During the unveiling ceremony to dedicate renovations at a school in Tetovo, Macedonia, Michael Ryan watched teens in traditional dress perform folk dances.
Ryan, a retired U.S. Air Force colonel who serves as a senior civil servant with U.S. European Command (USEUCOM), represented the U.S. military during the event, the culmination of a joint project between USAID and USEUCOM to increase stability in Macedonia through interethnic integration in schools.
“Their dances tell a story in the pride of their culture and their desire to make sure their culture continues to survive,” Ryan said. “They are so warm and welcoming and so dedicated to improving themselves, in this case though education, that you immediately become captured by their charm and their enthusiasm.”
That wasn’t always the case. A decade ago, Macedonian armed forces and Albanian insurgents fought each other in a conflict borne largely from ethnic differences.
Today, the sides are no longer fighting, and the military and USAID are collaborating on targeted projects that promote peace between the former rival groups through school integration.
“In the case of Macedonia, it’s a very small investment, about $300,000 per year [from USEUCOM],” said Brig. Gen. Blaine D. Holt, director of logistics at USEUCOM.
“For that, we are supporting an interethnic education program that one day will be the stability of the future and help prevent conflict.”
Each U.S. military combatant command, or “COCOM,” is a geographically oriented, strategic-level organization led by a four-star commander, and has a directorate for humanitarian assistance and civic engagement. Each COCOM also has a USAID senior development adviser on staff. Humanitarian assistance and civic engagement is a large part of EUCOM’s strategic efforts and is coordinated with USAID.
USAID often has more experience in a country, with a focus on the local areas and established partners to implement programs. Military officials say that partnering with USAID allows USEUCOM access to communities and to offer assistance where it can benefit people on a personal level.
Strategically, USEUCOM and USAID may engage in certain projects for different reasons, said Ame Stormer, who runs the program at USEUCOM.
“But there’s often an overlap in achieving both institutions’ goals by working together,” Stormer said. “It makes sense.”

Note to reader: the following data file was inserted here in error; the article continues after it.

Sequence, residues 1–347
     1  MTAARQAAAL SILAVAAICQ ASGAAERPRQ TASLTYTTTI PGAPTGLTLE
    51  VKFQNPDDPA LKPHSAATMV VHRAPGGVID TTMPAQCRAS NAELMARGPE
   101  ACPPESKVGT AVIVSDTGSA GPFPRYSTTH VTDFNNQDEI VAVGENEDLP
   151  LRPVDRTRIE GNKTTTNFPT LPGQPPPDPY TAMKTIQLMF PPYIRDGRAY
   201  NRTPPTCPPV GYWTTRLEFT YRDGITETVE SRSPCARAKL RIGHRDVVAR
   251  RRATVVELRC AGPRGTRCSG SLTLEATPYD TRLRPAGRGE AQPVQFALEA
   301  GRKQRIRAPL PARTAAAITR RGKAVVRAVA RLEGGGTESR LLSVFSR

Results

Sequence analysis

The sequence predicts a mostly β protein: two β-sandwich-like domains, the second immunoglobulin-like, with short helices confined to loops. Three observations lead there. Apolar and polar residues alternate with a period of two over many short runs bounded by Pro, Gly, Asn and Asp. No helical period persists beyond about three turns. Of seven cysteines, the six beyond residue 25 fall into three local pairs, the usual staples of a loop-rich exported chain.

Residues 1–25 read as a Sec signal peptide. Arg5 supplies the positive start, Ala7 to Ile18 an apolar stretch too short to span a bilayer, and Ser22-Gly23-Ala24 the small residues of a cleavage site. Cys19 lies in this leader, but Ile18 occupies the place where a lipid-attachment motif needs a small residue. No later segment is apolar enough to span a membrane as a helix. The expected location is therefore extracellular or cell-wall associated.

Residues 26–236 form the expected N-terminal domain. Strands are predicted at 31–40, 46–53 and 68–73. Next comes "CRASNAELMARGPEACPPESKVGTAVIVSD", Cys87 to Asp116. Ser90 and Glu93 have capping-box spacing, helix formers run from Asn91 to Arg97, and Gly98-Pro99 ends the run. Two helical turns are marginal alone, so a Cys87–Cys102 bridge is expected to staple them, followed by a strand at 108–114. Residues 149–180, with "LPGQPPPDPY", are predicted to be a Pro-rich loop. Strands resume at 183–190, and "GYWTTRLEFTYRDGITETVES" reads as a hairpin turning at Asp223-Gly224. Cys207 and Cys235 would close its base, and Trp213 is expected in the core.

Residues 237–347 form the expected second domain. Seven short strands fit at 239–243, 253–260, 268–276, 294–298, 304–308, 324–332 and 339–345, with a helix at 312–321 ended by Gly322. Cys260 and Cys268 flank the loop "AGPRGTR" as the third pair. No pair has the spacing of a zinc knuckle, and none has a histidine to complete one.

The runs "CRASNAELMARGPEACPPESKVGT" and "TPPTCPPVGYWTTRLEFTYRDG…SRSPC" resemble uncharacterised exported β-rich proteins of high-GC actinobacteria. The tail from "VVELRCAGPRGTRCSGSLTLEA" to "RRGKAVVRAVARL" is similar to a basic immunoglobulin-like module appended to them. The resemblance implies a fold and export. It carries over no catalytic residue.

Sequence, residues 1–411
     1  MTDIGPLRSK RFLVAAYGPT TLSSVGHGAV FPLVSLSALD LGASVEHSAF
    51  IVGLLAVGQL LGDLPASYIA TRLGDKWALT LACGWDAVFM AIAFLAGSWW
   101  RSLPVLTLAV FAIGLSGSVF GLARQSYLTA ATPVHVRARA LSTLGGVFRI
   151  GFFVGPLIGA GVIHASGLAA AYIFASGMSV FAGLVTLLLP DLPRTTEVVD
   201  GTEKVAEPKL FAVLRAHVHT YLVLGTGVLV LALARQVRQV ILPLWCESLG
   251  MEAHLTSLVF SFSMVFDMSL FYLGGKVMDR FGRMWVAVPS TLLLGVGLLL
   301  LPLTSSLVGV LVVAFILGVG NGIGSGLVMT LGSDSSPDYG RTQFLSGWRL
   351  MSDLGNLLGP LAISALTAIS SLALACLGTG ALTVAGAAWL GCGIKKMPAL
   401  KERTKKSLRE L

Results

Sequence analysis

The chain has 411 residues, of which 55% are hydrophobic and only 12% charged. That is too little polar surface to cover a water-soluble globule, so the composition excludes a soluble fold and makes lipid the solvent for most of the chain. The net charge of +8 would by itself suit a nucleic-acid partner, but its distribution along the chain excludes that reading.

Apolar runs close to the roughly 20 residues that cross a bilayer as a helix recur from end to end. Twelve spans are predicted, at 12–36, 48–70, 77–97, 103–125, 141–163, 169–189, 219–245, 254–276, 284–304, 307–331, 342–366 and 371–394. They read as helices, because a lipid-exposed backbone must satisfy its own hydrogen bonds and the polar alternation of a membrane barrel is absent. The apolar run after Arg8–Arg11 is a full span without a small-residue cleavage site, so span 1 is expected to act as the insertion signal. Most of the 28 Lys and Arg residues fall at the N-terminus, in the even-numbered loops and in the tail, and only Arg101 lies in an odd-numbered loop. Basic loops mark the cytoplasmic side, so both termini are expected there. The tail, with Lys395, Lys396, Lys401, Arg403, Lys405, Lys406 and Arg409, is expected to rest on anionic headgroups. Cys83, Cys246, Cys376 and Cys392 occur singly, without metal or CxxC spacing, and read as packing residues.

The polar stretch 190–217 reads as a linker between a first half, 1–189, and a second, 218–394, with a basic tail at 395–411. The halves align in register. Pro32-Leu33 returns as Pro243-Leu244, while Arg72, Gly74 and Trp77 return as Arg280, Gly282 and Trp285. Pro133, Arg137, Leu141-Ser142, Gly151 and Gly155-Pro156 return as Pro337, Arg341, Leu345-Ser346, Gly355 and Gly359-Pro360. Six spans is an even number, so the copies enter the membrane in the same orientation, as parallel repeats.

Cohesion Is Key
Interethnic cohesion is key to stability in Macedonia—part of USEUCOM’s strategic goals for the region. That’s why USEUCOM provides $300,000 annually to fund 10 school renovations per year in the country, which is coupled with USAID’s $1 million annual investment to support interethnic integration in education.
USAID works with local educators to develop interethnic tolerance in schools. To qualify for a renovation project, schools must show proven progress toward that goal to a USAID committee that includes a USEUCOM officer at the U.S. Embassy.
“When those schools have progressed to USAID’s satisfaction, they are able to qualify for a renovation project,” said Lt. Col. Michael Evans, USEUCOM humanitarian assistance program manager. “The projects are small scale, about $30,000 each, but USAID works directly with local contractors, so we get a lot done with that amount. This is a great example of a long-term, sustainable, interagency activity that is in alignment with, and prioritized within, our country strategy and the theater campaign plan.”
Coordination, in some cases, serves to avoid duplicate efforts. But the relationship goes beyond that. In an era of constrained resources, U.S. Government agencies working toward common goals overseas should look for ways to collaborate, said Stormer.
USEUCOM’s area of responsibility covers 51 countries in Europe and Eurasia—some of which have no USAID presence or activities to match USEUCOM’s humanitarian assistance efforts.
“When the opportunity exists, we want to ensure that USEUCOM and USAID's programs in the region are mutually reinforcing,” Stormer said.
In Macedonia, the parallel efforts led to partnership on education. In Albania, USAID and USEUCOM support telemedicine projects, which provide health-care services via information technology. The organizations also work together in Ukraine.
At the ceremony in Tetovo, Ryan was first struck by how different things are in Macedonia, compared with where he lives in Germany. But as he spoke, with interpreters translating his comments, he glanced around. His eyes caught people smiling. He saw children playing and laughing. He saw folks talking on the street corner.
“What strikes you is that we have the same desires. They want a home, a nice place to live with their families,” Ryan said, reflecting on his stay in Macedonia.
“Everything that makes a wonderful life is there.”
Rick Scavetta is with U.S. European Command.
Last updated: April 11, 2014